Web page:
The ebook subscription model. I’m just not sure yet.
Ebooks are feeling a bit hungover heading into the new year. The 50 Shades of Grey exuberance of 2011 and 2012 feels long ago. The first seemingly viable ebook subscription services launched at the end of 2013 (Scribd, Oyster) and Amazon launched its own ebook subscription service, Kindle Unlimited, mid-2014.
The main difference between Kindle Unlimited and Scribd and Oyster — all of which cost around $10 a month — is that Kindle Unlimited has way fewer books that people have heard of. That’s because Scribd and Oyster have been able to attract big-5 publishers (HarperCollins, Simon & Schuster, likely soon Macmillan) that hope to shake Amazon’s dominance in the ebook market, so they see no reason to make their books available on Kindle Unlimited.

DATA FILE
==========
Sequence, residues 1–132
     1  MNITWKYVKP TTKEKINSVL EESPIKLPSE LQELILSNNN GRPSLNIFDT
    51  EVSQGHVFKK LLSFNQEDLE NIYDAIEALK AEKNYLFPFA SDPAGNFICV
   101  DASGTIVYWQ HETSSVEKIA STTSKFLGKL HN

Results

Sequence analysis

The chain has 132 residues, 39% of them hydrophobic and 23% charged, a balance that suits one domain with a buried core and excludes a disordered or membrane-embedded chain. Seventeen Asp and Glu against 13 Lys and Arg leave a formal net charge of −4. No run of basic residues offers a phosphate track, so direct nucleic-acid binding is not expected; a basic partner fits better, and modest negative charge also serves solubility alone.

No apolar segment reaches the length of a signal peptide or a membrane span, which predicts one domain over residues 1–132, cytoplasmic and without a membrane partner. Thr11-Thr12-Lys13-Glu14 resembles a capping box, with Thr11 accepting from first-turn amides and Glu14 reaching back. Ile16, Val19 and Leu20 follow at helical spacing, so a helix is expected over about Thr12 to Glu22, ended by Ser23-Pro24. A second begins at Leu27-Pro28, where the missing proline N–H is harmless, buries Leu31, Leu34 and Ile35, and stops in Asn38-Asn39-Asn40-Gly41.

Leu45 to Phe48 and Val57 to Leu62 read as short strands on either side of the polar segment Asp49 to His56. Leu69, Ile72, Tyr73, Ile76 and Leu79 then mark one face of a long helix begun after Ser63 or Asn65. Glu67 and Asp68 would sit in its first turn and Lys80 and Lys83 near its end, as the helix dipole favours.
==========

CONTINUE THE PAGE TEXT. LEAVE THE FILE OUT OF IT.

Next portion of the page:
Kindle Unlimited (KU), meanwhile, is attracting a bunch of negative press coverage as indie authors become disillusioned by it. The general bad feeling has…
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One thought on “Ebooks in 2015: Dull new world”
I actually read the ebook sales have peaked and physical book sales are on the rise… fingers crossed this is true!